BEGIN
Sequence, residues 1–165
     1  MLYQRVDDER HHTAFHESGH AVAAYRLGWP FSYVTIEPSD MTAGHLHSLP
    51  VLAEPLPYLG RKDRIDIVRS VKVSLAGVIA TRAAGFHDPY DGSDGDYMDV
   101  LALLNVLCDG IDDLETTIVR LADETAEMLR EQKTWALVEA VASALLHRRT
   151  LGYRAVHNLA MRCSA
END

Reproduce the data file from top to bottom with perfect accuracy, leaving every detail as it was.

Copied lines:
Sequence, residues 1–165
     1  MLYQRVDDER HHTAFHESGH AVAAYRLGWP FSYVTIEPSD MTAGHLHSLP
    51  VLAEPLPYLG RKDRIDIVRS VKVSLAGVIA TRAAGFHDPY DGSDGDYMDV
   101  LALLNVLCDG IDDLETTIVR LADETAEMLR EQKTWALVEA VASALLHRRT
   151  LGYRAVHNLA MRCSA